Right from the franchise’s infancy, I had been writing my own little Pokemon stories that I saved on my computer. In one, I had been transformed into a Vulpix — again, I really need to unpack my passion for Vulpix someday — while in another my friends and I travelled the world in a bid to become the greatest Pokemon trainers of all time. Wow, such truly original premises!

They were fairly innocuous, though if I were critiquing it nowadays I would probably discourage the author from constantly giving my self-insert all of the coolest dialogue. Once I had entered my teenage years, my prose would take the next big step by being unleashed on the unsuspecting public.

In 2002, I commenced writing a Pokemon fanfic on a forum. Starring the bumbling Tony Chambers and his “Bulb-is-sore” Leaves, it was loaded to the gills with surreal gags and constant self-deprecation. At one point, Tony has to loudly pantomime a Pokemon battle so someone in the next room wouldn’t find out that his opponent had accidentally sat on their Larvitar. In another instance, he encounters a mad scientist who inadvertently summons a horde of zombies from the earth. Said scientist also forcefully affixes Tony with a Smeargle tail.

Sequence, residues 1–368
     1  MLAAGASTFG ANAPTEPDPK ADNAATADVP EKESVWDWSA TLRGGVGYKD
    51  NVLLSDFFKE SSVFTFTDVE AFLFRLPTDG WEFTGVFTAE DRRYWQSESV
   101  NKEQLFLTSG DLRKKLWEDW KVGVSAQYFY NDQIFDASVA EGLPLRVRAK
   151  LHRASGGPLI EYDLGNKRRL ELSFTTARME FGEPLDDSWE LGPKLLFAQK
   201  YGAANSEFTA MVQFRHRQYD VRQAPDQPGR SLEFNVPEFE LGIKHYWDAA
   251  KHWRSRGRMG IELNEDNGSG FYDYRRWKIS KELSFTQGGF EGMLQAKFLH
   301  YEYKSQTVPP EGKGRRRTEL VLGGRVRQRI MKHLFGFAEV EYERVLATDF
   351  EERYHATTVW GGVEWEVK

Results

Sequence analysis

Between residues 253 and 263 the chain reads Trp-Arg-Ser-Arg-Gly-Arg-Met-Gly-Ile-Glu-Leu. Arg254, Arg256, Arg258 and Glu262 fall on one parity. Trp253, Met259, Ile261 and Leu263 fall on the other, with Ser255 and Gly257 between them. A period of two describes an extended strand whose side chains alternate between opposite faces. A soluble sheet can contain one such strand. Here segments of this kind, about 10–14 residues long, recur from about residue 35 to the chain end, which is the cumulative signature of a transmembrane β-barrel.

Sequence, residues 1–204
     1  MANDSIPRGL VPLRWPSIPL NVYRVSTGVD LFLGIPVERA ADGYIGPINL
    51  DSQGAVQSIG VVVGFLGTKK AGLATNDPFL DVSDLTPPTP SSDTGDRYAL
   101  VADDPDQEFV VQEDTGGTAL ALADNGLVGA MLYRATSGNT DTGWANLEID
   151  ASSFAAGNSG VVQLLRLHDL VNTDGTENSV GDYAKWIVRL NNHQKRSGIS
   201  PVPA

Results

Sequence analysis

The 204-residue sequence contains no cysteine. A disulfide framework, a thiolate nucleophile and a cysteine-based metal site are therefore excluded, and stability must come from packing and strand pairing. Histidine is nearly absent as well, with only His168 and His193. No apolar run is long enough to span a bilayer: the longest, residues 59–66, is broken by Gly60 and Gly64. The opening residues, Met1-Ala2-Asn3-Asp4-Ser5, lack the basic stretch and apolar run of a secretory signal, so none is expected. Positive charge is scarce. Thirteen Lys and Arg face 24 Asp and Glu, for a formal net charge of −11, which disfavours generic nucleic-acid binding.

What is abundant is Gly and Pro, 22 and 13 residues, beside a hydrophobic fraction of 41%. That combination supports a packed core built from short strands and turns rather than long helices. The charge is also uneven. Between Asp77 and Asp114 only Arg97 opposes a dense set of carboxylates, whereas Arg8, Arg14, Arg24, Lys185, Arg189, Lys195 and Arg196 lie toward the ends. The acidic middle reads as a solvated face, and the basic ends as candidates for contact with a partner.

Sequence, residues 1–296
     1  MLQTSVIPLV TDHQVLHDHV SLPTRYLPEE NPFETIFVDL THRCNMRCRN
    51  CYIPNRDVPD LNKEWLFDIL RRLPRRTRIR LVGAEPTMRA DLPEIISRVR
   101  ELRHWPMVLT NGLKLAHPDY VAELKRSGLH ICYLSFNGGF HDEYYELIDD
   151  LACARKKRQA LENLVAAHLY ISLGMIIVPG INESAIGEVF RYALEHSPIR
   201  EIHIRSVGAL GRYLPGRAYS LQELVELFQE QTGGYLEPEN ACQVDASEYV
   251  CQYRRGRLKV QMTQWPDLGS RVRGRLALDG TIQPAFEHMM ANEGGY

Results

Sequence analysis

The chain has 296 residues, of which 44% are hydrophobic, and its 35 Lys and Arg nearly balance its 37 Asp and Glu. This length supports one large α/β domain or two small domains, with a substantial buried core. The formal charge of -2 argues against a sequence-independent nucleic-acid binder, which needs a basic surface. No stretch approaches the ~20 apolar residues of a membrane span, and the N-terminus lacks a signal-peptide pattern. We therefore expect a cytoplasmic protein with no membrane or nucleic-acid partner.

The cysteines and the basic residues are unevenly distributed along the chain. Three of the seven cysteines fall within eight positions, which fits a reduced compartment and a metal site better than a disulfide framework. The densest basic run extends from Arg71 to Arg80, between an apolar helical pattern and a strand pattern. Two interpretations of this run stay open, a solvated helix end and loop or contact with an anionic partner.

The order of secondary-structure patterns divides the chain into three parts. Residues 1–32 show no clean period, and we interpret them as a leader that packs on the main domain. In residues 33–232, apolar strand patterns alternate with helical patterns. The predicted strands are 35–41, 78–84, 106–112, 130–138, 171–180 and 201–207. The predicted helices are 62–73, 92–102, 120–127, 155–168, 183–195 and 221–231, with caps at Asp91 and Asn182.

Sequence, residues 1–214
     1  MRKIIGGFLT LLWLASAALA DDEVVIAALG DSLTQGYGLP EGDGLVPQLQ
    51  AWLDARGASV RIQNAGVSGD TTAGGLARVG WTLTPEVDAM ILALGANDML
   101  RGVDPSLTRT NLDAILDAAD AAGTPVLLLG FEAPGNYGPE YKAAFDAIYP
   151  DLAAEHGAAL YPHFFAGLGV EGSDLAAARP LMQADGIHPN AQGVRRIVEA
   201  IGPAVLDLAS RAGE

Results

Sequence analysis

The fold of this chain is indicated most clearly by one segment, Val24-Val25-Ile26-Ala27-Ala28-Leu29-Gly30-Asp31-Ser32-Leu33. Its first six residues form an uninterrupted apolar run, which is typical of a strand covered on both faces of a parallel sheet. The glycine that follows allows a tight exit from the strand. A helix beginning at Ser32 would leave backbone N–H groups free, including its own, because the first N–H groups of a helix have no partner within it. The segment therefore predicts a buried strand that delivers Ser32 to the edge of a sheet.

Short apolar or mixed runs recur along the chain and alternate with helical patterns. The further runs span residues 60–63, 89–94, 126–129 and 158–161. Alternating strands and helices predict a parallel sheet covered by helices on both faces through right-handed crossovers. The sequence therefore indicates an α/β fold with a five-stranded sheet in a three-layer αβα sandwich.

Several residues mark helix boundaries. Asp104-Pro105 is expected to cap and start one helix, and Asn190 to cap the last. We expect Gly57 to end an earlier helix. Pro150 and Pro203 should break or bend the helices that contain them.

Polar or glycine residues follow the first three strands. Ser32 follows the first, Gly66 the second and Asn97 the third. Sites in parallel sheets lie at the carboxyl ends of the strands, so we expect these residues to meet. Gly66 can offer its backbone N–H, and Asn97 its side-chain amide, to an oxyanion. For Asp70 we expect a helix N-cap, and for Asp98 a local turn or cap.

Grammatically, it was an absolute shit show, and though it’s a little on the nose with its adherence to tropes and punchlines you could see coming from a mile away, I still think it’s a lot of fun. In fact, it would stick around for much of the turn of the millennium; the original fic ran until I gave up in 2004, while a sequel was written in 2005. In 2006, I attempted to clean up its formatting with a rewrite, a project that I worked on, on and off, until 2011.

As earnestly as I’ve been trying to eke out a career as something resembling a journalist, my true passion remains in creative writing; crafting a world and its characters as I see fit. And yes, my fiction is just as self-indulgent as my journalism. But that should come as no surprise, really.

A Diancie with destiny (2014)

The Pokemon Diancie outside of an EB Games store in Melbourne, Australia
EZIYODA/Nintendo via Bulbapedia

For as charming and humble as Poke Tour 1999 was, my later endeavours in obtaining mythical Pokemon would not always be quite so enjoyable.